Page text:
Peter’s profile is titled “Key Appointment made to lead Newcastle Science City forward”, and from listening to the conversation, and talking with Peter afterwards, I’d agree.
I have blagged the copy from the Science City website to shortcut my waffle:
“Newcastle Science City aims to capitalise on the world-class scientific research being conducted in Newcastle for the economic and social benefit of the City and the region, and to create an environment that enables science and business to work together effectively. We do this by:
- Investing in and developing Newcastle’s scientific research base (people, projects, facilities);
- Developing science and innovation-led sites in Newcastle and in particular the former Scottish and Newcastle brewery site;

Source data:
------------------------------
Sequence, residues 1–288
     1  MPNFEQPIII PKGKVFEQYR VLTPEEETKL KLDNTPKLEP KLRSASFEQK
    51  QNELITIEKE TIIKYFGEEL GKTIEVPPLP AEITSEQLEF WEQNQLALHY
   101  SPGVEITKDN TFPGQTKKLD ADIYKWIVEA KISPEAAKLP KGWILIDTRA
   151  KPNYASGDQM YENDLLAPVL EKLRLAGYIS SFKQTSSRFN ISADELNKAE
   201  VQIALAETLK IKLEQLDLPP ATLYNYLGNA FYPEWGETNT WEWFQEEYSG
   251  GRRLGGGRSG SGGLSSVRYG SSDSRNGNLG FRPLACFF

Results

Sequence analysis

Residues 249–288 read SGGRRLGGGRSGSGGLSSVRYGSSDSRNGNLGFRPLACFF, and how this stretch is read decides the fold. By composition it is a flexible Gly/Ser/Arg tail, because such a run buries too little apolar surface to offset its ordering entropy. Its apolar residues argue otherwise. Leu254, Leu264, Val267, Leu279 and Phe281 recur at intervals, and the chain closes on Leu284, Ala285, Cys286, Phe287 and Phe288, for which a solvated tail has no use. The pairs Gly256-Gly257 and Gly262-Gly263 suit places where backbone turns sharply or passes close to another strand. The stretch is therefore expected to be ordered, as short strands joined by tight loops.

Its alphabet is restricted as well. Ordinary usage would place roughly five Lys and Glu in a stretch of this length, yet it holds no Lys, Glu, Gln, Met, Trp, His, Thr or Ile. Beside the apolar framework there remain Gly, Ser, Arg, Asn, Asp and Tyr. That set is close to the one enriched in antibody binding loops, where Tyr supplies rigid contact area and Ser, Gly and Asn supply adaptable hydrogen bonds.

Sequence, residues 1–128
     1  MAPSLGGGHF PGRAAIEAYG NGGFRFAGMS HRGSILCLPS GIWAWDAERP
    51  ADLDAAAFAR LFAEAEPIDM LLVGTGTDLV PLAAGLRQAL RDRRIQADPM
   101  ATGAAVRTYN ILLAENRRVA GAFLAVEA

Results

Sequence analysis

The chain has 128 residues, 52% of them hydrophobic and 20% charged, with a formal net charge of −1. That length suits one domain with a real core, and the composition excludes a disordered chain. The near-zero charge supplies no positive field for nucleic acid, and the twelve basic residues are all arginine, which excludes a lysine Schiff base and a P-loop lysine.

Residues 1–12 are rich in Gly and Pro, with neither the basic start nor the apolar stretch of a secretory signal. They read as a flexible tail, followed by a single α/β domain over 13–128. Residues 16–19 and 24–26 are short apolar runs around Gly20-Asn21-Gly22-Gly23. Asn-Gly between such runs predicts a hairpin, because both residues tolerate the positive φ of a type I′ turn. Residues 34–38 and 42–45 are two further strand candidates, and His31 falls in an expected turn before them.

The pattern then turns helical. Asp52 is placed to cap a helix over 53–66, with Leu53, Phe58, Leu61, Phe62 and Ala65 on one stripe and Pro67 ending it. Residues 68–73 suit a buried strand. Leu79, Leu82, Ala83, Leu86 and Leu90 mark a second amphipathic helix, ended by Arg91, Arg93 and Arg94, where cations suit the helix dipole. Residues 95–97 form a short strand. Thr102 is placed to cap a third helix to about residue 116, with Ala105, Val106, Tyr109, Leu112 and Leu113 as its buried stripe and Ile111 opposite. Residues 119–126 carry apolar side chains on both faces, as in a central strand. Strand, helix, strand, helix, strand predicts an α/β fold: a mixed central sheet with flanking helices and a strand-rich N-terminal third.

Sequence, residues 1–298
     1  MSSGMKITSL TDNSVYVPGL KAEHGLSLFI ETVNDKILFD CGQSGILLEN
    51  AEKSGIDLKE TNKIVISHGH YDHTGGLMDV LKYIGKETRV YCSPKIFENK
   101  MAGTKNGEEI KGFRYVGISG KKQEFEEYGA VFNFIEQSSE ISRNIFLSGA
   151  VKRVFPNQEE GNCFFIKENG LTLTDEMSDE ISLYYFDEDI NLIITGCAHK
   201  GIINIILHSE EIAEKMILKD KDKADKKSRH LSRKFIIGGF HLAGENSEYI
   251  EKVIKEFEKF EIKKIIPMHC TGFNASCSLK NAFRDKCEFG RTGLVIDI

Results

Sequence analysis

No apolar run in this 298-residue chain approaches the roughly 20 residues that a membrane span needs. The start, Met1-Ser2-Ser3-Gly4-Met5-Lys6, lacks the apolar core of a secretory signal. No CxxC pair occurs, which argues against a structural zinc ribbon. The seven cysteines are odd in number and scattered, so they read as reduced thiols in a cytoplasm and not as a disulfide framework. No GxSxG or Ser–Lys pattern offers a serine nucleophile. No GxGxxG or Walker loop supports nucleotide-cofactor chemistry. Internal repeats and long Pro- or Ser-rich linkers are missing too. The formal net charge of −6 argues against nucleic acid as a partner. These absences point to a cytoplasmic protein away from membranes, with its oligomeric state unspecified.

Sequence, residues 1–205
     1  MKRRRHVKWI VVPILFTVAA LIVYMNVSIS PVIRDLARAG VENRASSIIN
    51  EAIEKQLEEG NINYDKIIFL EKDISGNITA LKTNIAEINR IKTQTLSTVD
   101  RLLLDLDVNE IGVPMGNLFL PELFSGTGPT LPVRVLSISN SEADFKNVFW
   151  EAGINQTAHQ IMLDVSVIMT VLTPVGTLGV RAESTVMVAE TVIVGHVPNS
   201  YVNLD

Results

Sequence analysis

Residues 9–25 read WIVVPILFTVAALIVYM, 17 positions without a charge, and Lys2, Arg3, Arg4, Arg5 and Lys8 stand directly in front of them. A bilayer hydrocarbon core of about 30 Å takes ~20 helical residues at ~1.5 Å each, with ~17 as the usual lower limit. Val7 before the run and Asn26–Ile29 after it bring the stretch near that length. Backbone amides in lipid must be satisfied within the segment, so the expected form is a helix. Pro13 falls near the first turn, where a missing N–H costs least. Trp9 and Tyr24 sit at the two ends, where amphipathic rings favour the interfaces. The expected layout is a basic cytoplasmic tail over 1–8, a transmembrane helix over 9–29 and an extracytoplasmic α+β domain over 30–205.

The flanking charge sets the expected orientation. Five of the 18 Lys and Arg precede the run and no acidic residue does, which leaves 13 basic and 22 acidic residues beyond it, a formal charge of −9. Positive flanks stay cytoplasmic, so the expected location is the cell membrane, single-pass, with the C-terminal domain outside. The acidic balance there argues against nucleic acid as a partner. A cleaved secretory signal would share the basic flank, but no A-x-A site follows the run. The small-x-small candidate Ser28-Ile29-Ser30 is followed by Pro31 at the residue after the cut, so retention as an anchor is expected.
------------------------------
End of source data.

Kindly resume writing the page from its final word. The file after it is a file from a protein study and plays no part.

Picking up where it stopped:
- Actively promoting awareness and encouraging participation in science related subjects in secondary and higher education;
- Encouraging activities to facilitate the commercial exploitation of scientific research by ensuring that tailored specialist business support services are available to scientists, science and technology entrepreneurs, start-ups and businesses
Already over £100m has been invested in Newcastle Science City related projects, demonstrating our commitment to making Newcastle a 21st Century City of Science.”
The excitement for me was to start thinking again about the way technology can support the innovation process, and it was good to meet folk like Nick & David from Innovation Scout.
It harked back to reading ‘Wikinomics’, and the stuff in there about open innovation etc. There’s also a fit with Web 2.0 with the crowdsourcing tip.
My list of links dredged up from my Delicious profile and elsewhere:
- Wikinomics – final chapter written by crowdsourcing
- Wikinomics book review
- Wikipedia article on Prediction markets
- Innnovation & ideas market software
- Open source prediction market software
- My google search on prediction market software
- Mercury Research and Consulting blog on prediction markets